Effects of Mortality on Levels of Kinship

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Citation: Goldman (1986) Effects of Mortality on Levels of Kinship.
Internet Archive Scholar (search for fulltext): Effects of Mortality on Levels of Kinship
Tagged: uw-madison (RSS), wisconsin (RSS), sociology (RSS), demography (RSS), prelim (RSS), qual (RSS), WisconsinDemographyPrelimAugust2009 (RSS)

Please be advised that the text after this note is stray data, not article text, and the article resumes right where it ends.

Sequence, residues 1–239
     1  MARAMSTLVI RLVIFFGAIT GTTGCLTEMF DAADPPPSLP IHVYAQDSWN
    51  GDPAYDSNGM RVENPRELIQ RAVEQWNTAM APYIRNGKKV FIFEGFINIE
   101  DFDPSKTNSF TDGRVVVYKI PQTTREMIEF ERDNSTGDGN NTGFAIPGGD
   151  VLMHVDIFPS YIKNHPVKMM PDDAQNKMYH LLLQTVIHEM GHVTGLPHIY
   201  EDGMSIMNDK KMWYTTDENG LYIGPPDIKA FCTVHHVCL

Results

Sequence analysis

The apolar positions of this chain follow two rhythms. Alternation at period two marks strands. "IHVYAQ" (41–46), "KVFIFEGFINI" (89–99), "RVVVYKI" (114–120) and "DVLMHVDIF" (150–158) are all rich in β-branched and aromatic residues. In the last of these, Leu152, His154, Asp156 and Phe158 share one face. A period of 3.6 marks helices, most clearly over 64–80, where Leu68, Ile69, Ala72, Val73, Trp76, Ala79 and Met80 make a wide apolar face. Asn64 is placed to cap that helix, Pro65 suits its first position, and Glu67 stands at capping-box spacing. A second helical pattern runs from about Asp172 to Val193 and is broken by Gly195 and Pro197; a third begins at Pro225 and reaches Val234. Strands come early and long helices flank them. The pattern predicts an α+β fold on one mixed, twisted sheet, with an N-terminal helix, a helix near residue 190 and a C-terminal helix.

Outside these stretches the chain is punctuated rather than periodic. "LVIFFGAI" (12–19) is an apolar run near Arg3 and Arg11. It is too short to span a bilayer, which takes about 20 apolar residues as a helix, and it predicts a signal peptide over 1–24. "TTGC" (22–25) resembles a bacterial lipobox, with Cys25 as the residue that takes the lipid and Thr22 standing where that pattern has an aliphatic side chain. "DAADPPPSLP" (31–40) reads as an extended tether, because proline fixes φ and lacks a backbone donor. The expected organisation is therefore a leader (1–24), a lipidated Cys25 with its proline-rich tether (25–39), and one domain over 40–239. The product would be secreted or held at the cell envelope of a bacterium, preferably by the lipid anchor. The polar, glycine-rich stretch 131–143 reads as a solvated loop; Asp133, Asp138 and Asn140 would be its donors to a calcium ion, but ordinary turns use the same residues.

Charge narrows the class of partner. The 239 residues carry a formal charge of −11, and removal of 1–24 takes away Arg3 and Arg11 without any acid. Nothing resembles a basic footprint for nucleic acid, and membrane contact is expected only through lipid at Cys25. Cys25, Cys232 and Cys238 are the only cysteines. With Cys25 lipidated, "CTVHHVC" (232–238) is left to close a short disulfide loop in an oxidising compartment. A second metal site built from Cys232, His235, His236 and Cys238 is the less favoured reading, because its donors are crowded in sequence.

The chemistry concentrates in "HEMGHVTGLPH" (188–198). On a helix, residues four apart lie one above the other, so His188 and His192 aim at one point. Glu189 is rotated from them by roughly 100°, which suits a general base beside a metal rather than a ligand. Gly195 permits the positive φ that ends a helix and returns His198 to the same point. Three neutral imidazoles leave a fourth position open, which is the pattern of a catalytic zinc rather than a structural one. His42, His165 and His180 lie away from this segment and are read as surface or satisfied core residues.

Changes in fertility and mortality indirectly affect intra-family relations, but they directly determine the numbers of kin who are available at any given time to be part of a family, both in terms of the numbers of kin who are born under specified regimes of fertility and mortality and then numbers who remain alive at successive ages. In this article, Goldman uses simulations based on data from the Republic of Korea from 1955-1959 to 1975-1979, assuming a stable population, to determine the average numbers of female descendants and collateral kin ever born and still alive for women of various ages to investigate the relationship between fertility and mortality schedules. By and large, the changes in eventual numbers of kin in the period reflect the decline in Korean fertility more than the rise in life expectancy. Not surprisingly, large reductions in fertility from 1955-1959 to 1975-1979 result in large decreases in the number of daughters, sisters, nieces, aunts, and cousins who are ever born. The decline in numbers of daughters embodies the drop in the NRR, a decrease of 41%, whereas the decrease in numbers of granddaughters reflects the drop in the NRR2, a decrease of 65%. Average number of sisters ever born also drops over the period, but is little influenced by mortality conditions because Goldman only considers sisters of a living woman. Mortality has a much greater effect on numbers of nieces and cousins ever born, as compared with numbers of sisters and aunts, because the higher mortality risks of infancy and childhood come into play (which sisters and aunts already have a surviving sister/niece indicating that a mother/sister survived to give birth to the reference woman). Reductions in death rates raise the chances that each of these types of kin will be alive at a specified age of the reference person. For those kin who are generally as old or older than the woman herself i.e., sisters, cousins, and aunts the changes from 1955-1959 to 1975-1979 in numbers of living kin is notably smaller than the change in numbers of kin ever born. That is, the rise in life expectancy partly offsets the dramatic decline in fertility in terms of numbers of surviving kin. Nevertheless, the "kin-reducing" effect of the fertility decline remains significant. For example, whereas the level of mortality has barely any effect on sisters ever born, the effect on surviving sisters is substantial, at both a high and a low level of fertility. By age 50, a woman from the high fertility, low life expectancy population (GRR=3, e0=30) has the same number of living sisters as a 50-year-old woman from the low fertility (GRR=1), high life expectancy (e0=70) population. Without the changes in fertility, the contrast between the low and high life expectancy populations would be substantial. The combination of a 50% reduction in fertility and a 10-year increase in life expectancy, as in the Republic of Korea during this period, shows the dominating effects of fertility: i.e., there is a substantial reduction in the numbers of living descendants and collateral kin throughout the life cycle of the reference woman. On the other hand, from the reference woman's point of view, changes in fertility and mortality obviously have no effect on the number of parents, grandparents, and great-grandparents ever born. Declines in mortality, however, can greatly increase the survivorship of these kin. Hence, the net effect of a demographic transition is a reduction in the proportion of the family consisting of collateral kin e.g., sisters and cousins and an increase in the proportion composed of parents, grandparents, and even great-grandparents.